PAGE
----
Saturday, December 23, 2006

Christmas Traditions ... New and Old

This Christmas, now that Matthew understands a bit about the concept of Christmas, we have been thinking a lot about traditions. What is important to me, what is important to Mike and what we want to share with Matthew.
This is our fifth Christmas as a married couple. So, I'm not sure if that would be long enough to have that many traditions. We both come from traditions. Our combined traditions run the gammut from watching White Christmas (put on the music to "Sisters" and my sister and I will perform the routine flawlessly) to sipping rum flavoured egg nog (this is Mike's family's tradition).
But what do we have?
Well, we have our annual Christmas Eve McDonald's breakfast which Matt was thrilled to partake in this year. We have our annual trip to Starbucks arriving just after Strabucks closes. And we have established quite nicely that Christmas Day we spend at Mike's Family's home while Boxing Day is spent at my family's. These are things we do. And we love.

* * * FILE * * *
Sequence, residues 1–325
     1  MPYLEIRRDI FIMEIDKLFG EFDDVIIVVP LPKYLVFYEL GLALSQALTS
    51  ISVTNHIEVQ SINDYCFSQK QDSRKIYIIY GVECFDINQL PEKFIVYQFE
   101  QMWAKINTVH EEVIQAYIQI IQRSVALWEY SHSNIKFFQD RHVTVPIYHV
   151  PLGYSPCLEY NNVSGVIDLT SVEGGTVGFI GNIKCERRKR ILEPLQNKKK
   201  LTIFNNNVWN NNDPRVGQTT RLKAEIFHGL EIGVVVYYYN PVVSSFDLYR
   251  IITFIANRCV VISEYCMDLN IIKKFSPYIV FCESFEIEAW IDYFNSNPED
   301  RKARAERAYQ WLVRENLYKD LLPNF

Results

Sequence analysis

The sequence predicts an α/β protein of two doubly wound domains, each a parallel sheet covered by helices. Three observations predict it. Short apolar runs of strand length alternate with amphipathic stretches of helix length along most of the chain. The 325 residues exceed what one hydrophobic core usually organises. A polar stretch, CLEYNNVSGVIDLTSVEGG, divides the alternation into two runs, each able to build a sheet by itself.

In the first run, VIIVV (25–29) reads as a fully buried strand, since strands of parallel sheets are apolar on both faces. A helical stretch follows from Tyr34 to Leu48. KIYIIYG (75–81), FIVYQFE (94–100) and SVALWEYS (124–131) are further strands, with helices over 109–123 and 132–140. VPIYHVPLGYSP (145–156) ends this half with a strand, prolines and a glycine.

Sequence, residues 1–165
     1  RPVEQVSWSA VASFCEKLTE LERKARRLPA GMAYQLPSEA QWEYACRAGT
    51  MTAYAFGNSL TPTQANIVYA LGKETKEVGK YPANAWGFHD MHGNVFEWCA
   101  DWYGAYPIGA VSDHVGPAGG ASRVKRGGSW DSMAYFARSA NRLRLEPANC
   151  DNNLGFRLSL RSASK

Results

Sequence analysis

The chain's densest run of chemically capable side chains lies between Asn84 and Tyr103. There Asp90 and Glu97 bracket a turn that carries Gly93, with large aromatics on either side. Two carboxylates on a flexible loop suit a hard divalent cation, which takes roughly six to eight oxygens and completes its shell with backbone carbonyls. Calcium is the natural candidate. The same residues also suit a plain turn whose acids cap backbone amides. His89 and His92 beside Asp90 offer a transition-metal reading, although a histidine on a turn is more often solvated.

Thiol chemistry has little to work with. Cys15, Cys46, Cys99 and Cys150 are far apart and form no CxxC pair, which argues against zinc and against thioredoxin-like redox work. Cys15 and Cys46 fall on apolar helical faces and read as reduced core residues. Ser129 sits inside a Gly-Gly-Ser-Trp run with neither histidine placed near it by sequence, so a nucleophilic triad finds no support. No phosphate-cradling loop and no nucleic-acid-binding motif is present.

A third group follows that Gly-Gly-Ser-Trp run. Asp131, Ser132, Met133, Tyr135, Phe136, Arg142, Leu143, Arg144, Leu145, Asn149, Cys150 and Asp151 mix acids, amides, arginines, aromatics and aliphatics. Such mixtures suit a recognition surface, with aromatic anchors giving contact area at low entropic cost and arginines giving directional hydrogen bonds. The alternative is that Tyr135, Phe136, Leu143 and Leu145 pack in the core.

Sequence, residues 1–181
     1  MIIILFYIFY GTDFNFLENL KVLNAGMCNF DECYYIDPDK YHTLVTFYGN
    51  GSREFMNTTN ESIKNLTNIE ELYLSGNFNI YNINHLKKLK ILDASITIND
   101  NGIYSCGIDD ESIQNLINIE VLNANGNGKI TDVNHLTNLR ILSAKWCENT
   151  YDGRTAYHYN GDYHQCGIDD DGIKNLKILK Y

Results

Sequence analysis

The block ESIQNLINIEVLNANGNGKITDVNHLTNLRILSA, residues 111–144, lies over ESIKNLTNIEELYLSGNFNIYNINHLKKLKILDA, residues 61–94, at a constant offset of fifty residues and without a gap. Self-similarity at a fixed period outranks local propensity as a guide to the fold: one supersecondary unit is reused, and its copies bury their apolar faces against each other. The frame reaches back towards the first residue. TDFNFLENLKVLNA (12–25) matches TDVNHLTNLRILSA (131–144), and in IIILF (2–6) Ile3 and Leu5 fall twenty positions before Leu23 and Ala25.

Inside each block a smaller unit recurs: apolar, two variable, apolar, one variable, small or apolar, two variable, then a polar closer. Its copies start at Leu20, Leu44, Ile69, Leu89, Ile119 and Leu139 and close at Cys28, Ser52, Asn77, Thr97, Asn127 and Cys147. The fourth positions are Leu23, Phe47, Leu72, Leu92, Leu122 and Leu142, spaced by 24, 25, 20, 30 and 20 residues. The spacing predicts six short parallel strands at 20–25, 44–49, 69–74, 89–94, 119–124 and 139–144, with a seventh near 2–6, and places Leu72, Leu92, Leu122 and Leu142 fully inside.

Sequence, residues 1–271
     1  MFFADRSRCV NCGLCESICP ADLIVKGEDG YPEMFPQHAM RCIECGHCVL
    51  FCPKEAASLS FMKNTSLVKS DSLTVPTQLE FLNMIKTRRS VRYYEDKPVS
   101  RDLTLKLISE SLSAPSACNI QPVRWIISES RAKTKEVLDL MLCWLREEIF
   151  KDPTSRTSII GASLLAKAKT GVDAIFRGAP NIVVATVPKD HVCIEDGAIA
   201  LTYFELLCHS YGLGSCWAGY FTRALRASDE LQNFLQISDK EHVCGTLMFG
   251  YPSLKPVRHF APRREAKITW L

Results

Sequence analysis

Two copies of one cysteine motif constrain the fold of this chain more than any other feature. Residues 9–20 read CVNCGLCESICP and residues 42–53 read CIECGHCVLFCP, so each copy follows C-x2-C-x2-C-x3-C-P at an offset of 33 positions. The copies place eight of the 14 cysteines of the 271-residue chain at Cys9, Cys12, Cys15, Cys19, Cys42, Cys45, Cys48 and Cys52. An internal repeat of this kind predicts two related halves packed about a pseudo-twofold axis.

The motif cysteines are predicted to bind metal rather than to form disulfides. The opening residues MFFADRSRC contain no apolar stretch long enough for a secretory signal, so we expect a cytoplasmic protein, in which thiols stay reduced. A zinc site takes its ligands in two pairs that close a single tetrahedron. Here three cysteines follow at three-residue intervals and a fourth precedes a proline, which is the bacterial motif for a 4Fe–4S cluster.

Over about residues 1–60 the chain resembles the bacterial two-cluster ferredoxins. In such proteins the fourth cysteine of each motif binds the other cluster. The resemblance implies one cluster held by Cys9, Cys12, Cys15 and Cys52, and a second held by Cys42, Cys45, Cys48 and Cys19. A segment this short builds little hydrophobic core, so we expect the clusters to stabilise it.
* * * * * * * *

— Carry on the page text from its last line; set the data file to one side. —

But there's one other thing that seems to happen to us.
Our annual Christmas Calamity.
One year I had the flu. I know we've all had it - but I am the Christmas person of the family. On Christmas Eve (with an 8 month old baby and very needy dog) I spent the morning puking and then while shopping for Mike's stocking threw up all over Shopper's Drug Mart (Thank God Mike was there, it was a store used to ill people, etc. etc. Mike ended up buying and wrapping his own stocking stuffers and still claims it was his best stocking ever!!)
Another year I had a serious feminine issue which I refuse to blog about.
Another year I was pregnant and just a little out of control due to the fact that nothing fit.